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Discussion Starter · #1 ·
I've been biking for the better part of 2 months. I have an old Hard Rock from the late 90's that I've been riding. It has front shocks and could get me down most things.

I've been doing 15-20 mile rides over single track in South Lake Tahoe and Marin trails in the Bay Area. The past couple of rides I've done had long downhill sections that wore out my brake pads and I'm thinking I could hit them a lot harder with a FS bike. So, I was looking for an upgraded bike with FS and disc brakes.

Both Mike's Bikes and another shop has the 2009 Rize 3 for $1699. I rode it today and it felt fine. It was only around the shop and not on trails. Since I don't have any experience with bikes and/or parts, is this a decent bike? I saw some reviews online but the reviews are over a year old. I don't know if things have changed since then or not.
 

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Tool
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Nope - things haven't changed. They renamed the bike in 2010 and split it into 120 and 140mm models, but nothing's changed about the older Rize. I had trouble finding anything solidly negative about the Rize before deciding to get an RZ140, but like you, I had trouble finding any full reviews.

The Rize is a great all-around bike and I think would work well for your purposes. Are there any other bikes you're considering? If you have a short list, that will help people to help you compare and figure out which is best for you.

-Pete
 

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It's a great bike still. They just had some trademark issues with "Rize."

Those are some great prices for that rig. Make sure to get a shock pump too. The stock cdale speced setup is too soft for me on the Lefty.

Also, dump the tires. Those Maxiis Rendez things are kind of weird on the trail. I hated them. a pair of Nobby Nics or Mountain Kings would be a great choice. Since you are at mikes bikes you could also look at the Spec Captain tires, 2.2 on front and 2.0 on the back. :thumbsup:
 

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Discussion Starter · #4 ·
Thanks for replying. I ended up pulling the trigger and buying it. I got a pair of Specialized Comp Mtb shoes for the pedals. It's my first time with clipless so that'll be an adventure as well.
 

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NotQuiteClimbing said:
Thanks for replying. I ended up pulling the trigger and buying it. I got a pair of Specialized Comp Mtb shoes for the pedals. It's my first time with clipless so that'll be an adventure as well.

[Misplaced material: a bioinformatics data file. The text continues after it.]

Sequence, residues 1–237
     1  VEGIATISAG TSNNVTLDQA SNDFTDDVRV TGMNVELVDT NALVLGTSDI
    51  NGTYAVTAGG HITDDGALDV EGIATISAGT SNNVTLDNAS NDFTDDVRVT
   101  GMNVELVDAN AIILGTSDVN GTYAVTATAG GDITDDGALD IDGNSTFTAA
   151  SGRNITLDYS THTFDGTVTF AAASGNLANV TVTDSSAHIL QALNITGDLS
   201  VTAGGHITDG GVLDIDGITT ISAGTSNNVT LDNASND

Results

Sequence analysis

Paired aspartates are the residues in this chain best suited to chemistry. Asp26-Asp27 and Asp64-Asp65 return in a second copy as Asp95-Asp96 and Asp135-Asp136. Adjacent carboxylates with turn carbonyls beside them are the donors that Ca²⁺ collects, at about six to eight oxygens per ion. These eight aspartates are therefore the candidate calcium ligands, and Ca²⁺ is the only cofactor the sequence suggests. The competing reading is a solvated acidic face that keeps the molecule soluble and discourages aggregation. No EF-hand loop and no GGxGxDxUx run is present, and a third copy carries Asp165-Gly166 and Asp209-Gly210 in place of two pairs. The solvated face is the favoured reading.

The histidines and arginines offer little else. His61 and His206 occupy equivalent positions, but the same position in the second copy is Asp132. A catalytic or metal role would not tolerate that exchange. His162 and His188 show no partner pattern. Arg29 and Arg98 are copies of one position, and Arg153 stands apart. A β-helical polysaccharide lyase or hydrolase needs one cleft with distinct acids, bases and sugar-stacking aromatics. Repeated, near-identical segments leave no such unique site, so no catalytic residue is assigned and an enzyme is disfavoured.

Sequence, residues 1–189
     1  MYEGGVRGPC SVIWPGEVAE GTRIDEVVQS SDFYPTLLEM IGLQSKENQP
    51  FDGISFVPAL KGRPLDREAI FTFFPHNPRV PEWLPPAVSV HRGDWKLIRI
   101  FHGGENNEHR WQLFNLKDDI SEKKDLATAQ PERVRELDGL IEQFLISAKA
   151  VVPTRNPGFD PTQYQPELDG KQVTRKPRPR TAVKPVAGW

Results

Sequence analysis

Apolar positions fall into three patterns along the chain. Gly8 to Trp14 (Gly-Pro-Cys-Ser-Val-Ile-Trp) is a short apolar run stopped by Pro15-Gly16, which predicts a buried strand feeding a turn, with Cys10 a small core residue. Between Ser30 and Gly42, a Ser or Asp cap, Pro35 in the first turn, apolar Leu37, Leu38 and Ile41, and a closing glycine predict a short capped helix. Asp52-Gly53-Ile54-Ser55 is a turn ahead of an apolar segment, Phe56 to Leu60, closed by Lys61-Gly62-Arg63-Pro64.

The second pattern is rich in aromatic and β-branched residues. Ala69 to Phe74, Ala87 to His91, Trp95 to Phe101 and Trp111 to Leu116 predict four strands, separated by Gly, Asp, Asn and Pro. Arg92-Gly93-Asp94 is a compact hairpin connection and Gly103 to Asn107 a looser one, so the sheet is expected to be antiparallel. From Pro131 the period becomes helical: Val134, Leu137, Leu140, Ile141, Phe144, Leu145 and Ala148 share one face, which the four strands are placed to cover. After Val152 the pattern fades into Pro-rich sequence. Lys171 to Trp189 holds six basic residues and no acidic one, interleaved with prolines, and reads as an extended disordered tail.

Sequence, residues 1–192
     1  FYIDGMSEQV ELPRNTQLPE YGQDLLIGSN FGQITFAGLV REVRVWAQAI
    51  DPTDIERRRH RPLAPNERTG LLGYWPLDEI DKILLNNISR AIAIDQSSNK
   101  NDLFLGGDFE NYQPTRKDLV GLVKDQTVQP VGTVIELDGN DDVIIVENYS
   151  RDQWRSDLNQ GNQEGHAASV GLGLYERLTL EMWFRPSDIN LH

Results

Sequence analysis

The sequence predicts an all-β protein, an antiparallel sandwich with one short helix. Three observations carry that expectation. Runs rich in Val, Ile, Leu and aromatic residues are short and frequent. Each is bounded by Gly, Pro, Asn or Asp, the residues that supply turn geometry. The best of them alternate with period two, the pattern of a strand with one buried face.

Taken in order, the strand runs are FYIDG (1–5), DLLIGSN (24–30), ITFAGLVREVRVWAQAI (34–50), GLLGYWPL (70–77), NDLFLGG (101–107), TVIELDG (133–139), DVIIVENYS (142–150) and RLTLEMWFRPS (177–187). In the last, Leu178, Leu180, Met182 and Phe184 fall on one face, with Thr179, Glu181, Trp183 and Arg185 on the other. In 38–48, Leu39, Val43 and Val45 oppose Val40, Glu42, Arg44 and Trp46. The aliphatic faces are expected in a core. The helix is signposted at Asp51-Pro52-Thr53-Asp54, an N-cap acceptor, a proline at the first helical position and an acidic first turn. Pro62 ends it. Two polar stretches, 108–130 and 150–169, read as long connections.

Make sure you practice unclipping and clipping on a nice safe trail before you do anything too serious.

I have a 2009 Rize 3 in red , its a great bike .
 

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NotQuiteClimbing said:
Thanks for replying. I ended up pulling the trigger and buying it. I got a pair of Specialized Comp Mtb shoes for the pedals. It's my first time with clipless so that'll be an adventure as well.
Great, Spec makes some good shoes too. They maybe a bit heavy handed at times, but they still make some good stuff. I love their saddles and shoes. Not enough people put much thought into what they have making contact with their body from the bike. If you feet or knees hurt after 90 min on the bike, those "on sale" shoes aren't worth it.
 

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Discussion Starter · #7 ·
I did my standard lunch time loop with my new setup. I shaved 1 minute off my top time. So, $2k to cut my time down from 57 min to 56 min. Seems like a good deal! :)

The bike feels great. As you mentioned though, the tires seem a little off, like they're too slick. Perhaps a little less air would help.

 

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NotQuiteClimbing said:
I did my standard lunch time loop with my new setup. I shaved 1 minute off my top time. So, $2k to cut my time down from 57 min to 56 min. Seems like a good deal! :)

The bike feels great. As you mentioned though, the tires seem a little off, like they're too slick. Perhaps a little less air would help.

Nice looking bike, but the red ones are faster :)

Have you adjusted the air pressure at both ends yet, I'm not a fan of the Rendez either ,but air pressures in the shock and fork make a lot of difference to overall handling and feel.
 

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You may also want to experiment with running your tires tubeless if you haven't already. Since going tubeless, whenever I've run a tube for whatever reason, my tires feel rock hard, bouncing off rocks and sliding around in curves. Running standard tires tubeless can also be a good way to reduce rotating weight right where it counts the most. Unless I get into downhilling or something, I can't see myself ever going back to tubes.
 
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